There are several coffee shops in Houston these days that make sure their profits go toward good causes, and Avid Coffee Co. is the newest of the bunch. It's a new coffee truck that parks in Garden Oaks and the Heights, but the business actually started off as a small roasting company specializing in microlot coffee. If you've never heard of microlot coffee, you're not alone. As Avid Coffee founder Matthew McKenzie explains to the Houston Press, it basically just means that you're drinking coffee sourced from a single farm, as opposed to single origin coffee, which is usually sourced from a region or from a farming collective within that region.
The truck was formerly Espresso Rescue, and when McKenzie saw it for sale on Craigslist a few month ago, he jumped at the chance to buy it. McKenzie, who first learned about coffee while working at Starbucks, started roasting in 2014, and has spent the past three years hoping to open a truck or shop. You'll find the coffee truck in its new incarnation, as Avid Coffee, parked either on North Shepherd in front of Garden Oaks Baptist Church or in the Heights at White Oak Baptist Church, where McKenzie serves the community, including a rush of parents dropping off kids for preschool. For him, the experience of serving coffee is just as much about sharing the stories of his coffee's farmers.
McKenzie says that doing missionary work actually turned him on to advocating for farmers' working conditions and their communities' quality of life abroad. In one such instance, after "working with farmers in East Asia for six months, I got back and was trying to figure out how to continue working for farmers in the states. Coffee was a great way to do that. We have a passion for it, and we're hoping to bridge the gap between farmers and consumers."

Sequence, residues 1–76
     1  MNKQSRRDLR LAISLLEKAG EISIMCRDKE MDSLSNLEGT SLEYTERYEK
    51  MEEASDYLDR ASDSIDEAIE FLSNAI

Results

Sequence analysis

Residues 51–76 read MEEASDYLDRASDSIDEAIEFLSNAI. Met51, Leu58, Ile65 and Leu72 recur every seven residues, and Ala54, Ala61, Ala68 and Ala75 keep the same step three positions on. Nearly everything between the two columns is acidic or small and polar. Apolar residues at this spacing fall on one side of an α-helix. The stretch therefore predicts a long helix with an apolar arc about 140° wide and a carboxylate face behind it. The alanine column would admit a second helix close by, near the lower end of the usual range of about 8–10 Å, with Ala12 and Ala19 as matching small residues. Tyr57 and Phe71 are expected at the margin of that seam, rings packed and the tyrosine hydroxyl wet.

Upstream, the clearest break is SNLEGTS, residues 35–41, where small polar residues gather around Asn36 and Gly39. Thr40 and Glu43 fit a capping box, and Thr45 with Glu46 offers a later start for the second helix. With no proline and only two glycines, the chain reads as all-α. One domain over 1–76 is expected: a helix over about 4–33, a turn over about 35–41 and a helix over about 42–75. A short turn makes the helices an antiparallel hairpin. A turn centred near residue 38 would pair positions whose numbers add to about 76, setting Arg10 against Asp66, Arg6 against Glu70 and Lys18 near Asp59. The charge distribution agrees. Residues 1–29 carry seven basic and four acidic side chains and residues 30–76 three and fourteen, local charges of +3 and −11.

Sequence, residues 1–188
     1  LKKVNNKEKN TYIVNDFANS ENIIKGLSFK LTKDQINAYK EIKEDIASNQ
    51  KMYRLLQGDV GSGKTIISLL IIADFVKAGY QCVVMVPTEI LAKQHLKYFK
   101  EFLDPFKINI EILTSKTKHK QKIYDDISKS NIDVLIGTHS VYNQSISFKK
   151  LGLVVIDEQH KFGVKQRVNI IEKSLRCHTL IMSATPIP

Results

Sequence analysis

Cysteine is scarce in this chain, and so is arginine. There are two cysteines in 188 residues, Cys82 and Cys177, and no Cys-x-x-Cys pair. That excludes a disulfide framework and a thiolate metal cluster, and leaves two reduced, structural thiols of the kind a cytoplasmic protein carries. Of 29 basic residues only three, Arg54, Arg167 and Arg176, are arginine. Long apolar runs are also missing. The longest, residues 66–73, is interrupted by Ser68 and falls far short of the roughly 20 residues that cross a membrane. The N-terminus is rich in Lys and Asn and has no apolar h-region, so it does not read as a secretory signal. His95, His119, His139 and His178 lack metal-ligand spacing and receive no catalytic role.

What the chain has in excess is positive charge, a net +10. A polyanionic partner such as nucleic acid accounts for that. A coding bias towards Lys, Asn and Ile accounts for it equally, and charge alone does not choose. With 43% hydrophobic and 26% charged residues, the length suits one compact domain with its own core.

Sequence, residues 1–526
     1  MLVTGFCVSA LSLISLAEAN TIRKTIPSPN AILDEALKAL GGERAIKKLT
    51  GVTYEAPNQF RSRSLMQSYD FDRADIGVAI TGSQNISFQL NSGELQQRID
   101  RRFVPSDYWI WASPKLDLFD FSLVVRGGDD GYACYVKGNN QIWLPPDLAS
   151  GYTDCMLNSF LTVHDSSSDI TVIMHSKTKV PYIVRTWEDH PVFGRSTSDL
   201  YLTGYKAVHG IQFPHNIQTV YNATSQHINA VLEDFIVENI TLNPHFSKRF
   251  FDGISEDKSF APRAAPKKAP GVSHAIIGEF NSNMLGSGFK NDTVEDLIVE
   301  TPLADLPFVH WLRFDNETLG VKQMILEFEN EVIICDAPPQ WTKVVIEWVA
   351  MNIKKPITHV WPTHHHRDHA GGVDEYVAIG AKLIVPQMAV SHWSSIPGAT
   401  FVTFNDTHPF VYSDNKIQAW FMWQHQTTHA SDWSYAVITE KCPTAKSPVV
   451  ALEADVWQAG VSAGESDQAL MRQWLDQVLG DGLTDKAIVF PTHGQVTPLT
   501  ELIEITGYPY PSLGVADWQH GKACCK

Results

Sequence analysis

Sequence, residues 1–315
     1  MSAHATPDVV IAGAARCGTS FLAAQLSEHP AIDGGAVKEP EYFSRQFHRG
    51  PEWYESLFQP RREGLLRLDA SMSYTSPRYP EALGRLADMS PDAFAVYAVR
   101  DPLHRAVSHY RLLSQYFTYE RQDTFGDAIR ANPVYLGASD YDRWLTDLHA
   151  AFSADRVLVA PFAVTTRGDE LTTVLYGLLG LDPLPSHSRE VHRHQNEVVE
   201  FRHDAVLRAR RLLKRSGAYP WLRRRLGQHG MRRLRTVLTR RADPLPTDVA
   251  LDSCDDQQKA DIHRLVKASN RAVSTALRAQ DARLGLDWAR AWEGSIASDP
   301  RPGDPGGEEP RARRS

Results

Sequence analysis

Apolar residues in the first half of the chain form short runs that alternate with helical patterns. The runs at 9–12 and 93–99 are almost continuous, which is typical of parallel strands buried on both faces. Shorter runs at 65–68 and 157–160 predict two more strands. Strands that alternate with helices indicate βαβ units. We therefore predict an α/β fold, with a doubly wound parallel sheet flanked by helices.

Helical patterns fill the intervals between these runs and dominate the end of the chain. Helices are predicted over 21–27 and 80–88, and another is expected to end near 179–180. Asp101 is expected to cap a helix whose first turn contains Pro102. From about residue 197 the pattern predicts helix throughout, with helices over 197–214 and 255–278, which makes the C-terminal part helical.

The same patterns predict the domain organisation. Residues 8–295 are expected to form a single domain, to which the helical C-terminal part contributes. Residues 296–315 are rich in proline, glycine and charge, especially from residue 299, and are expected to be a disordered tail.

The truck has been in operation for only a couple of weeks, and is still seeking new locations to park at, and hopes to add events and catering to its lineup as well.
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"I roast everything fresh myself, so you're getting great high-quality stuff, fresh as possible."
This includes roasts from Sumatra with sweet notes and herbal complexities, from the Provence of Yunan with its rich, almondy flavors, and from Honduras, which McKenzie normally uses for espresso drinks. That bean specifically is from "a farm run by Americans who also run an orphanage off the farm and use the proceeds to run the orphanage."
With that in mind, McKenzie says that the truck operates primarily to support these farmers and communities, rather than making a profit. Brewed coffee is $2.50 for regular (12 ounces), $3 for large (20 ounces). Lattes are $3.75 regular and $4.50 for large. There are also smoothies and tea available.